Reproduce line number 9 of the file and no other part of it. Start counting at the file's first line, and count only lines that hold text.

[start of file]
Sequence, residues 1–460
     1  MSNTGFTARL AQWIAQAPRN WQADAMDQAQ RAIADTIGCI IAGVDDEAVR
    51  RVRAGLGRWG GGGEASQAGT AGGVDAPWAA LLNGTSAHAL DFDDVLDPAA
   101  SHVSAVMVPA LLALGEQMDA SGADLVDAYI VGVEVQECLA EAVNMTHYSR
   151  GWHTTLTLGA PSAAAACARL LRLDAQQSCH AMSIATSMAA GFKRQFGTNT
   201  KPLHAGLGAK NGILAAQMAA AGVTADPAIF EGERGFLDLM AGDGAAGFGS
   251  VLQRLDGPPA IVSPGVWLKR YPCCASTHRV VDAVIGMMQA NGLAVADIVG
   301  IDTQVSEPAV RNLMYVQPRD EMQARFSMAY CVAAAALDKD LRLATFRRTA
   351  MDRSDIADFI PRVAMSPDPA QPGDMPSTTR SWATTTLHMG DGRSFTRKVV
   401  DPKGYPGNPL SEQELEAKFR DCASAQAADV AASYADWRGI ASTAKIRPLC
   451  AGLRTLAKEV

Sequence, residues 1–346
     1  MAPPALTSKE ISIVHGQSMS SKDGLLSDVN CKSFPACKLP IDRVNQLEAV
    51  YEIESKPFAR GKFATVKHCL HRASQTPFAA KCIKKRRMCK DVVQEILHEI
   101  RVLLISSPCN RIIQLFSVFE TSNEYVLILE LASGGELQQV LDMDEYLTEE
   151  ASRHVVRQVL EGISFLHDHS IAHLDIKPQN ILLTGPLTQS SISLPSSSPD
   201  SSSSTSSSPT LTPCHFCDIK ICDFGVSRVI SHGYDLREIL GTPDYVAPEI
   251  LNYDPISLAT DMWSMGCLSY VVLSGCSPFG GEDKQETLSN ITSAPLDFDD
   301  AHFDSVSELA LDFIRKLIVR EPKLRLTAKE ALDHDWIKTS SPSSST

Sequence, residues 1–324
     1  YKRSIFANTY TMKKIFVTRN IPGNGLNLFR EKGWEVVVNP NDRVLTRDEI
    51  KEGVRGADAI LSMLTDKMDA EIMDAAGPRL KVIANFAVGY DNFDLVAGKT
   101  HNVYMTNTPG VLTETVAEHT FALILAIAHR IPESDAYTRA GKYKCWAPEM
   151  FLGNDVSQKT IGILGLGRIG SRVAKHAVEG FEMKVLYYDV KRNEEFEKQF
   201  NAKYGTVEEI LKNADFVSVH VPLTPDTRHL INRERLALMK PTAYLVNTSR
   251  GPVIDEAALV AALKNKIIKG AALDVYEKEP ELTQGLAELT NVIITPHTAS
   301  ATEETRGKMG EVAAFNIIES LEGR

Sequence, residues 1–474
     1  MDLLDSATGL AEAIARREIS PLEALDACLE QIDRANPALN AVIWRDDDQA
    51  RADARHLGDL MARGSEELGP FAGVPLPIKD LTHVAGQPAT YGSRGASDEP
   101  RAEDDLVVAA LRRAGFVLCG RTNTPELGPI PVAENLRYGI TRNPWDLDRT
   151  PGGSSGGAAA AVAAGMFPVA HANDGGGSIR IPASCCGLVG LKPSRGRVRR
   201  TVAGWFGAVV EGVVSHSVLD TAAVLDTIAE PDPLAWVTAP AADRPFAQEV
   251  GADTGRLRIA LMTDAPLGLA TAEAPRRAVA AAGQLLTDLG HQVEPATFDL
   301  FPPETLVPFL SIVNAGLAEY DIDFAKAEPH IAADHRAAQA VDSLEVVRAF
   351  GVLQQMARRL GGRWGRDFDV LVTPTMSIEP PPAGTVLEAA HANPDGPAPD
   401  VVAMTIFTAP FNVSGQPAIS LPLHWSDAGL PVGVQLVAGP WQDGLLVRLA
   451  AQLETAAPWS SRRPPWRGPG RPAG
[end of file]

   351  MDRSDIADFI PRVAMSPDPA QPGDMPSTTR SWATTTLHMG DGRSFTRKVV